Blackmail – it sounds like something you would expect in the TV-drama of the week or a spy movie. But, unfortunately, the FBI’s Internet Crime Complaint Center has been seeing a sharp increase in the number of blackmail scams recently via both e-mail and regular mail.
Not all blackmail scams are the same, but there are some commonalities that can give them away. The extortionist accuses the victim of visiting adult websites, downloading porn, cheating on a spouse, or being involved in some other kind of compromising situation. The scammer will then leave you with an ultimatum – pay a ransom fee of thousands of dollars or do nothing and he will send a video of you in the compromising situation to everyone in your contact list.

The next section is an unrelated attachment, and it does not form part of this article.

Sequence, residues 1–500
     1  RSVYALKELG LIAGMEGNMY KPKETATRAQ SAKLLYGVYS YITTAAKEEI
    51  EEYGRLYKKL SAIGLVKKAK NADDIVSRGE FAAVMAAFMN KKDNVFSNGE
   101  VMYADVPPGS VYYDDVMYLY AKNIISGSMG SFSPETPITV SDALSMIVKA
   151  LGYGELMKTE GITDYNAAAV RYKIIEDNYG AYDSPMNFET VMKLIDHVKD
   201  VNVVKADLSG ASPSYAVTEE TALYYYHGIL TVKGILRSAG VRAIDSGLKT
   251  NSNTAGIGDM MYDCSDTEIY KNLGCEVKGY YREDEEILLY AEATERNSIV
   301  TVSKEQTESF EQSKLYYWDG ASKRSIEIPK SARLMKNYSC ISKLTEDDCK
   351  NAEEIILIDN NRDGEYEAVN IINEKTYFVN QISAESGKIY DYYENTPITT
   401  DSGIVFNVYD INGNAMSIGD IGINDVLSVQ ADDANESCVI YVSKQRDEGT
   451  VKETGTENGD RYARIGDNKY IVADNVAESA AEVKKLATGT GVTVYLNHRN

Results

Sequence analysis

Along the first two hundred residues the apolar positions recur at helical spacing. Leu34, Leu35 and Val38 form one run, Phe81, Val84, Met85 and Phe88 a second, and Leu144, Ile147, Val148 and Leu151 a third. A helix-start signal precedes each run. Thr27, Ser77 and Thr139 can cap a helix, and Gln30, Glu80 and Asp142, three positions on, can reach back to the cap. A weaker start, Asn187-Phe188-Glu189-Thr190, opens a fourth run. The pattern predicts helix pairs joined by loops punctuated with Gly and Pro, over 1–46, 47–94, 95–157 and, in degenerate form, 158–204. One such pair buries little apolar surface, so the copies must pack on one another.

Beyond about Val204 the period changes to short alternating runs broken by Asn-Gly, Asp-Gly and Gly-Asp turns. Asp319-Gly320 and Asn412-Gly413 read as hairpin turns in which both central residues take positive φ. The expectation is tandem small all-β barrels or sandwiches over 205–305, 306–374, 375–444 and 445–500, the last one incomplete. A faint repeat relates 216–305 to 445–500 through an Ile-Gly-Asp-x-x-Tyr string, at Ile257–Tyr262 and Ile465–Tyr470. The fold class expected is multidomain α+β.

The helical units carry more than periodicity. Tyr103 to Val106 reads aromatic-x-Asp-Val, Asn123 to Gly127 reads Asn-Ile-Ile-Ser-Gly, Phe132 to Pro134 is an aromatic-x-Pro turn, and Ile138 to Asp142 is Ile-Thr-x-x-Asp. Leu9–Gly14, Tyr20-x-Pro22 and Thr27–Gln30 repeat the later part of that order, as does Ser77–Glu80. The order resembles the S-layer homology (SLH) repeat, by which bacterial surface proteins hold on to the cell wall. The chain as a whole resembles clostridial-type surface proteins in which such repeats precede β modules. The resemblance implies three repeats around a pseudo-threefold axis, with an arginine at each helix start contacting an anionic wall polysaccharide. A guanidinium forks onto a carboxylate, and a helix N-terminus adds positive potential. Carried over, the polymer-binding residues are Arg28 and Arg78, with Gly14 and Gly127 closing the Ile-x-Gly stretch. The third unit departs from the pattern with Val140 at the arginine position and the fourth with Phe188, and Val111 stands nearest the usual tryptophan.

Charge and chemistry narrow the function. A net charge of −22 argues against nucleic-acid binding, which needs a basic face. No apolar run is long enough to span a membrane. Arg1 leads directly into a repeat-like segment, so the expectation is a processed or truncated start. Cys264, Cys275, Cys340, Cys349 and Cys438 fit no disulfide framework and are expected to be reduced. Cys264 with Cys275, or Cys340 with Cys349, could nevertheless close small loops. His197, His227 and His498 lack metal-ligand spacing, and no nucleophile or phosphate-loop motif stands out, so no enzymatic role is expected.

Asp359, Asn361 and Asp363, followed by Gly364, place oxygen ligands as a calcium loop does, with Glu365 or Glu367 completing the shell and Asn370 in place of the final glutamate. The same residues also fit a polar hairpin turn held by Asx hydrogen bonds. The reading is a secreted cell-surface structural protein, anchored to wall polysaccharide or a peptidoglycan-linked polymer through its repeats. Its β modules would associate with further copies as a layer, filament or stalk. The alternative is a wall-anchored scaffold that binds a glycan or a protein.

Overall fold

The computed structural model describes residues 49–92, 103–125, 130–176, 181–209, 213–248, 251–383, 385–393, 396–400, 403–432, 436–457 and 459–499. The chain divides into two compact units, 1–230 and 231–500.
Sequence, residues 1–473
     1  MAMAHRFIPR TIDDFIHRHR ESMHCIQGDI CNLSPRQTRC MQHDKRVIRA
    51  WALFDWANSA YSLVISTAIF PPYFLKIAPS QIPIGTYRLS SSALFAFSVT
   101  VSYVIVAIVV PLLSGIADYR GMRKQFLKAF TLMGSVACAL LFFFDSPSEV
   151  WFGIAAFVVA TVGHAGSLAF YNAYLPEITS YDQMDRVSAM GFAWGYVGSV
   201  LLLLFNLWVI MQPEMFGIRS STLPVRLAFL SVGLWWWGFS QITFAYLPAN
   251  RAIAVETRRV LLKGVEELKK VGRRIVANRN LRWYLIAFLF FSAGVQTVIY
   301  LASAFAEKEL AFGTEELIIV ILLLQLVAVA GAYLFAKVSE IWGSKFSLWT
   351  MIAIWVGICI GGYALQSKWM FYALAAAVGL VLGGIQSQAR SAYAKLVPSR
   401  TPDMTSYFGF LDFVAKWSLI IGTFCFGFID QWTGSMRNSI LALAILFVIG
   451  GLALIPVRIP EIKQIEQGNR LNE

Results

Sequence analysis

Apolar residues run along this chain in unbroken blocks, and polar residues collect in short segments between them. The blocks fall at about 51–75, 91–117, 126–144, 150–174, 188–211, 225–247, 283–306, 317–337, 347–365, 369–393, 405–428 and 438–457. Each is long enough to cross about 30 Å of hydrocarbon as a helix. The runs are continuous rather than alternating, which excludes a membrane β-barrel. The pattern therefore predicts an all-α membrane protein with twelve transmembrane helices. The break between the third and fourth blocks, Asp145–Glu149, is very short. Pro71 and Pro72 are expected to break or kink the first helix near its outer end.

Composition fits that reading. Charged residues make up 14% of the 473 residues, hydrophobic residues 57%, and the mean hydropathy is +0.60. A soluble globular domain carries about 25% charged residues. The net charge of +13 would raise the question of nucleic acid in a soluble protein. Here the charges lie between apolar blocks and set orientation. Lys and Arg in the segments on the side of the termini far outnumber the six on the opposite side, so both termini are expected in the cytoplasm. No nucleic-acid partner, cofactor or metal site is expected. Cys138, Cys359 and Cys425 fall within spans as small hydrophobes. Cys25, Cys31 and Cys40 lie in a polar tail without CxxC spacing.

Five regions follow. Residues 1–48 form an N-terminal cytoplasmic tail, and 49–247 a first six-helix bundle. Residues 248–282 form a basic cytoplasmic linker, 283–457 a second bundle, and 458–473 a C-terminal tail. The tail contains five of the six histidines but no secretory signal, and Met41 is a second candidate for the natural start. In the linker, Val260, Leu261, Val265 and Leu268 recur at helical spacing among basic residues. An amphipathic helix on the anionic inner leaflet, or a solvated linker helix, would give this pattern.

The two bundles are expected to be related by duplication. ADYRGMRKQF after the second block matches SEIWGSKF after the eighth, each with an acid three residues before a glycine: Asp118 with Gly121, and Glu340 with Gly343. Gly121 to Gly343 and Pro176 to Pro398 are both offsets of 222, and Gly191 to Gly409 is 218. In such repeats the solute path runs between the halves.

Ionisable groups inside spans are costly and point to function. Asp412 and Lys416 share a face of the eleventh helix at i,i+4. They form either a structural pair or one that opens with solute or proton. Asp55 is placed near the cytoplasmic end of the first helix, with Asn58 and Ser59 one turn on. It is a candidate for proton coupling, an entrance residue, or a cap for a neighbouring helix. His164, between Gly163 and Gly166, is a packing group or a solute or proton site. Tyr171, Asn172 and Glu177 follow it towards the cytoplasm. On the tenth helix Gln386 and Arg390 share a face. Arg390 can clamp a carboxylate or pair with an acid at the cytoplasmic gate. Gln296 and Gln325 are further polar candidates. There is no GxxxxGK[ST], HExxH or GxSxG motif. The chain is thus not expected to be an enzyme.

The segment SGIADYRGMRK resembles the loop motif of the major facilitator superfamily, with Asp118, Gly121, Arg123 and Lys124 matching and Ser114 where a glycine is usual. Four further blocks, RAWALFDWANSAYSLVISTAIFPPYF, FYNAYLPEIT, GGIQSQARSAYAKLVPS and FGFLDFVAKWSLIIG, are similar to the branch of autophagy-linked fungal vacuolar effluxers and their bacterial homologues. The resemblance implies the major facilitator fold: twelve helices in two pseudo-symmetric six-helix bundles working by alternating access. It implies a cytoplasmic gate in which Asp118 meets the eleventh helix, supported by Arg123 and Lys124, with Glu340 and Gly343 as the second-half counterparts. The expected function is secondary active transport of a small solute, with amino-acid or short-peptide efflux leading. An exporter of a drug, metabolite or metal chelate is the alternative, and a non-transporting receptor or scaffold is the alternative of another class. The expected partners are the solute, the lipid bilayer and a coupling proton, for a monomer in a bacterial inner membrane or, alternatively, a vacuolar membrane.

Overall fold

It is important to remember that blackmail scams are going to change and adapt to take advantage of current events and high profile data breaches. This will add authenticity to the scammer's claims. The following list does not include all possible tricks or indicators, however, it does show red flags for which you can watch:
What should you do to protect yourself from the blackmail scam?
If you have been victimized by this online scam or any other cyber fraud, be sure to report it to the FBI’s Internet Crime Complaint Center at www.ic3.gov or call your local FBI office.